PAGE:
Before you set out to build your team, do you have a policy in place that addresses your organization’s approach to the use of social media in the first place? There are two distinctly different social media policies:
1. One that addresses how the fire department will use social media to positively promote the mission of the organization and the great work and accomplishments of its people.
2. One that establishes how members will represent their connection to the fire department on their own personal pages, and the rules of engagement (code of conduct) they are bound to.
(Ex. – https://bit.ly/38MFH3w)
Even today, there are still some fire departments and emergency services agencies that take a “no good can come of it” attitude towards social media and thus have no online presence whatsoever, no active presence, or are so restrictive that it prevents them from disseminating timely information, rendering their social media presence irrelevant. Unfortunately, that may be short-sighted as there is a general expectation that your organization is online and that you’re keeping your content fresh. We’re reminded of the adage, “If we don’t blow our own horn, no one is going to do it for us.” Furthermore, the last thing you want is someone else (another person or organization) telling your story for you.
As for the policy that outlines your members’ social media interactions and their relationship to your organization, there is plenty of real-world concern over what your members share about responses and department business. There is also no lack of example policies that are readily available for free from national and other fire service organizations: (https://www.nvfc.org/social-media-and-crisis-communication/).
I half-joke that my fire company’s social media policy was written when we incorporated in 1933 – it’s baked right into our oath-of-office as shown in this excerpt from our by-laws. It says we will “refrain from divulging any of the proceedings of the company…and conduct in a manner consistent with the proud tradition and dignity of the fire service.”
It didn’t specify on what platform, technology, channel, media or device. It just says we will keep it in confidence in the supermarket, at work, church, and yes, even and especially on social media.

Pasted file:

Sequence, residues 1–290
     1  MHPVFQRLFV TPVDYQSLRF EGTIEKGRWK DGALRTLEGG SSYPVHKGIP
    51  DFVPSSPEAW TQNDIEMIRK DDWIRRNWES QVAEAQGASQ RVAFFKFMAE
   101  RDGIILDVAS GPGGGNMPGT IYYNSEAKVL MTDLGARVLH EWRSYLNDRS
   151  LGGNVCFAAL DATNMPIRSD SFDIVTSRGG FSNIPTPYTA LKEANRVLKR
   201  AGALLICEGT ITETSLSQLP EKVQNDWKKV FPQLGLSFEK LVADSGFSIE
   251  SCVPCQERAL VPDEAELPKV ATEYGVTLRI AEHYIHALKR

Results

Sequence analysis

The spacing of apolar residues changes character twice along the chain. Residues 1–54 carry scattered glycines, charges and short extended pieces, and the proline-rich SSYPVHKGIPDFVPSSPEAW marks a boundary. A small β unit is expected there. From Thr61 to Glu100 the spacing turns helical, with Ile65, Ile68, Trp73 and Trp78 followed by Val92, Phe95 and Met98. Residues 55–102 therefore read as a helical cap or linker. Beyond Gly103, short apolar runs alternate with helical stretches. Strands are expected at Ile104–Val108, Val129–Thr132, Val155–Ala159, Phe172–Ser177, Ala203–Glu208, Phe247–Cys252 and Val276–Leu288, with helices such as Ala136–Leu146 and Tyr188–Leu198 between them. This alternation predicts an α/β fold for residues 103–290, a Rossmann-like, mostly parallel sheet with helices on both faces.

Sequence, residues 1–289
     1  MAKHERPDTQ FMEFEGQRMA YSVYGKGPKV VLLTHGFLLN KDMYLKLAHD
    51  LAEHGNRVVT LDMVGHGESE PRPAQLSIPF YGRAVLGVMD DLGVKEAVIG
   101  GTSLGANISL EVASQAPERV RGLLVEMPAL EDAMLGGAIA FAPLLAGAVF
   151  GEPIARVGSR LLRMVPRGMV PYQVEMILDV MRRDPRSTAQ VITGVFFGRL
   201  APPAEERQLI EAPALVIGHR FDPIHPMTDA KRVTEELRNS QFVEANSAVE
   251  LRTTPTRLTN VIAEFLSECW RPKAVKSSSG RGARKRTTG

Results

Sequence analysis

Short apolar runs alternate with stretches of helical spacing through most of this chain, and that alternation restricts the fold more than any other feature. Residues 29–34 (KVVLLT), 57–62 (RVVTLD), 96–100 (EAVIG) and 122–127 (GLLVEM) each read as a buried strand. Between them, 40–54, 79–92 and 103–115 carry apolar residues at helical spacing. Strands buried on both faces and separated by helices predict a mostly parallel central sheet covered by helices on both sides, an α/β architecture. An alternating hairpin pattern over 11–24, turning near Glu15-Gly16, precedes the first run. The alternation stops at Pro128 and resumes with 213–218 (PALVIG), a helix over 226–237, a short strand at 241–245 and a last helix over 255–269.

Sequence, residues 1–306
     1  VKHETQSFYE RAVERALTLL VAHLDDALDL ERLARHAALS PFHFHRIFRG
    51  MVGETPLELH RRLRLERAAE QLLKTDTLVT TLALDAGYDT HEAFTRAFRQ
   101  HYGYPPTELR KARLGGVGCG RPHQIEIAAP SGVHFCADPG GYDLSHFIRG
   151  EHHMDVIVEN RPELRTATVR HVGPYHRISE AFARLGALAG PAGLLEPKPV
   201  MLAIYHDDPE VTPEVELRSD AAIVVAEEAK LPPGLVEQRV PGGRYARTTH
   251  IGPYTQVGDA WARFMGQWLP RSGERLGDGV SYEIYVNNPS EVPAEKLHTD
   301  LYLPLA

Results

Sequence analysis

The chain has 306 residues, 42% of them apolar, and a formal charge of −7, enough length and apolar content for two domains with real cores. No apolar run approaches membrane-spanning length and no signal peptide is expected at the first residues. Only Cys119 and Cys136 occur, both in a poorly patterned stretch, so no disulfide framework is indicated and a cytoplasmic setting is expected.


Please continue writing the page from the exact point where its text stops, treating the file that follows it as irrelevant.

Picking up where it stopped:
The oath is pretty straightforward and doesn’t leave a whole lot to interpretation.
Once you’ve established your policy(s), there are advantages to building a social media team to saturate your market and the platforms you play on. This builds redundancy, spreads the workload, and maximizes your reach.
As you start to build your social media management team there are some questions you may want to consider:
- Which platforms are you on?
- Which platforms should you be on based on your objectives and the audience(s) you are targeting?
- Who will post what, where?
- Who needs to play which role and have which level of authority: admin (assign at least two, for redundancy), editor or contributor?
- Who will monitor and how will you address comments and messages on each platform?
- Will you share posts from other partner and affiliate organizations, what kind, and who will share them?
- Who will cross post/share FD posts on related or local pages and groups to expand your reach?
- What images, content, colors, designs and voice will you use on which platform?
- Will you post to each platform individually or use a social media aggregation tool to manage multiple accounts simultaneously such as Hootsuite, Tweet Deck, Sprout Social, etc.?
Just like we differentiate two different kinds of social media use policies, we propose two different models of a social media team delegation strategy:
- By Topic: Fundraisers, Recruitment, Retention (Member Spotlights, Achievements, Awards), Responses, Public Education (Fire & Life Safety Info), General FD info (Did you know?) and Public Relations, etc.
- By Platform: Facebook, Instagram, LinkedIn, Twitter, Snapchat, Tik-Tok, etc.